mental health, social service and educational professionals as parenting instructors, and to create and test
culturally adapted parenting skill-building programs for African- and Latino-American parents. A wide
range of highly talented professionals played important roles in carrying out these pioneering projects,
including Drs. Hector Myers, Howard Rubin, Larry Rosen, Charles Thomas, Deborah Sears Harrison, Efrain
Fuentes, Thomas Newcomb, Marilyn Steele, Bryan Nichols, Barbara Solomon, Lupita Montoya Tannatt, Marlene
Zepeda and Ms. Marilyn Marigna.
Most of CICC's Special Projects in the late 1980's and early 1990's involved the application of the knowledge
about parent training and training parenting instructors that it had developed through the just described
research projects. It was during this time that CICC moved from delivering parenting services and training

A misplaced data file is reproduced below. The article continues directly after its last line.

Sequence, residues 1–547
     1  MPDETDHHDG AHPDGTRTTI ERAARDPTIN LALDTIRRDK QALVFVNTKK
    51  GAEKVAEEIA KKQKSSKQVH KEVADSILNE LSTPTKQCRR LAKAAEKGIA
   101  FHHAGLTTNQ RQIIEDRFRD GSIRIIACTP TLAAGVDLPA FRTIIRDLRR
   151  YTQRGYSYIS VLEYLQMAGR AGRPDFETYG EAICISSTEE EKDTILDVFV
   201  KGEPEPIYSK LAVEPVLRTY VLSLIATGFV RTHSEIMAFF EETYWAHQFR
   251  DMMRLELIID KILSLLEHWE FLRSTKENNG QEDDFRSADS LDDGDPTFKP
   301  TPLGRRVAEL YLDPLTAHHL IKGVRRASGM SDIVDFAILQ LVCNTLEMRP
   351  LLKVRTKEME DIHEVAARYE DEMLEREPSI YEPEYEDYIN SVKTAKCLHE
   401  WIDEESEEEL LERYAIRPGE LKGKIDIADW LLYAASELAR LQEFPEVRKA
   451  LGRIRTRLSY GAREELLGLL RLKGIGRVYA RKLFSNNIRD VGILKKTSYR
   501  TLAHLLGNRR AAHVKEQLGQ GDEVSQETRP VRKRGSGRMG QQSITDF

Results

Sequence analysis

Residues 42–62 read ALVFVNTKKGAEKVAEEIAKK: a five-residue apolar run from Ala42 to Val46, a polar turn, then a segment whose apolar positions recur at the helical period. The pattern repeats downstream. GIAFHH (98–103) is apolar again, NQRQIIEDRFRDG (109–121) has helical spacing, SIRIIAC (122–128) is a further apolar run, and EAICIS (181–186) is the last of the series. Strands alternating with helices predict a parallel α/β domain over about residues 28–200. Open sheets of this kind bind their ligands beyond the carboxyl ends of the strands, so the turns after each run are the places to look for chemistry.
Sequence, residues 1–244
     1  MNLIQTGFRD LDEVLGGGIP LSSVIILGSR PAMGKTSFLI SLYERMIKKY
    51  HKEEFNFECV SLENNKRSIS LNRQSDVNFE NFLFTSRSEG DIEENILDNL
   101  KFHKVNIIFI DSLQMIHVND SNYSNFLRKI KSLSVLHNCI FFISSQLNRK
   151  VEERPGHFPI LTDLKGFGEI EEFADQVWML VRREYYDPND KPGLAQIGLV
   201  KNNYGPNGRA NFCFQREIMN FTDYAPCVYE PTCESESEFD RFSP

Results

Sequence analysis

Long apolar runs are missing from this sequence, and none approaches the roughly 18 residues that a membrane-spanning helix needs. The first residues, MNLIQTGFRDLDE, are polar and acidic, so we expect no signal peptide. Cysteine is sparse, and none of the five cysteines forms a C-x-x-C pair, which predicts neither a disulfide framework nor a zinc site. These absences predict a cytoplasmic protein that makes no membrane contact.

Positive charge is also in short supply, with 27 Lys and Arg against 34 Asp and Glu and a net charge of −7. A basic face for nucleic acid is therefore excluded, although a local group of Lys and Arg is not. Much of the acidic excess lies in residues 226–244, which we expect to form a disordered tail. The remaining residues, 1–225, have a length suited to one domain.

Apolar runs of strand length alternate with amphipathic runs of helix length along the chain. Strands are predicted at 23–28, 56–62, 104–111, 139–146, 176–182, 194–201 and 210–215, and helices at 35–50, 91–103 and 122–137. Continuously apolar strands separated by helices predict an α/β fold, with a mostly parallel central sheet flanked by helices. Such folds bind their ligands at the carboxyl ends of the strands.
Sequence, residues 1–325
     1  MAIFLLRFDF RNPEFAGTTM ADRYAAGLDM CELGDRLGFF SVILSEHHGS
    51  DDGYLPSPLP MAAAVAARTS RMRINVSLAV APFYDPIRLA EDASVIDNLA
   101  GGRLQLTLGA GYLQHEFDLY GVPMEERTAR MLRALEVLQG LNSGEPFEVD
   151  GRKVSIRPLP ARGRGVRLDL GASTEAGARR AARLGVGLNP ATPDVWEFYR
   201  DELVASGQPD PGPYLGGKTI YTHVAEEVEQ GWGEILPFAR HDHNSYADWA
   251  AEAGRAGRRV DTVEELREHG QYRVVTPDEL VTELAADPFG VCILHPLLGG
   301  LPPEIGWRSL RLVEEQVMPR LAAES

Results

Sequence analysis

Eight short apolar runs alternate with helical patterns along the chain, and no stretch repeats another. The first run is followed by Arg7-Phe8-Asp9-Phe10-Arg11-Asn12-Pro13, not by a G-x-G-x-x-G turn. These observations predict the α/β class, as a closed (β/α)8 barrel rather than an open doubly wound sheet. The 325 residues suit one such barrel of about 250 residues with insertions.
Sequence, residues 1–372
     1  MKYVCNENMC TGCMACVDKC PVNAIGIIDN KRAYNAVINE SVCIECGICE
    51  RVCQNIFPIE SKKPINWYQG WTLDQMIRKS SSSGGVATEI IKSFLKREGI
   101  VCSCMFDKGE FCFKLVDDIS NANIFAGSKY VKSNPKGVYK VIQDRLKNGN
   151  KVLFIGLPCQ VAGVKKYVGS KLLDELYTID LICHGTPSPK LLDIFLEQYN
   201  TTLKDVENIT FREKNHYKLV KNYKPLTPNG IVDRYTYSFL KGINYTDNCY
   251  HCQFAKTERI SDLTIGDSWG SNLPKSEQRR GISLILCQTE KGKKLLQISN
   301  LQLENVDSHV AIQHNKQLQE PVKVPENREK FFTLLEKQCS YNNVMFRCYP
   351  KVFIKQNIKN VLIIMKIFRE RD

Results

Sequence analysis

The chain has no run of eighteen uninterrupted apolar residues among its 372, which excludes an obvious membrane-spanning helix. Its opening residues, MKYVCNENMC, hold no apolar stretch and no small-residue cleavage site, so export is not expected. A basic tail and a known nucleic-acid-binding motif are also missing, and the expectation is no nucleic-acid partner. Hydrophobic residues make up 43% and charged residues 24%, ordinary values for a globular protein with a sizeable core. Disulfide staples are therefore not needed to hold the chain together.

parenting instructors in Los Angeles and other areas in California to delivering these services and training
instructors on a national level. (See Los Angeles Times article, "Kerby Alvy's Prescription for Child Rearing.")
Toward the end of the twentieth century, the Center began creating different types of Special Projects that
were more comprehensive in nature and which were based on its quarter century of prior projects and knowledge.
These newer projects include concerted efforts to involve entire communities and human service systems in
helping educate and train parents and/or in improving the overall quality of services provided to children
and their families in specific communities and regions. The first such project was in Long Beach, California
(see Los Angeles Times article, "This Village IS Helping to Raise Its Children.")
Effective Parenting Campaigns
In 1998, the Center initiated the idea of comprehensive Effective Parenting Campaigns. These campaigns
raise public consciousness about the importance of effective parenting and parenting education, they build the
capacities of local institutions to deliver the full spectrum of parenting education services, and they strive
to make it possible for all parents to have the opportunity to be trained and educated.
Like all of the Center's pioneering projects, this one is being first developed and implemented in Los Angeles.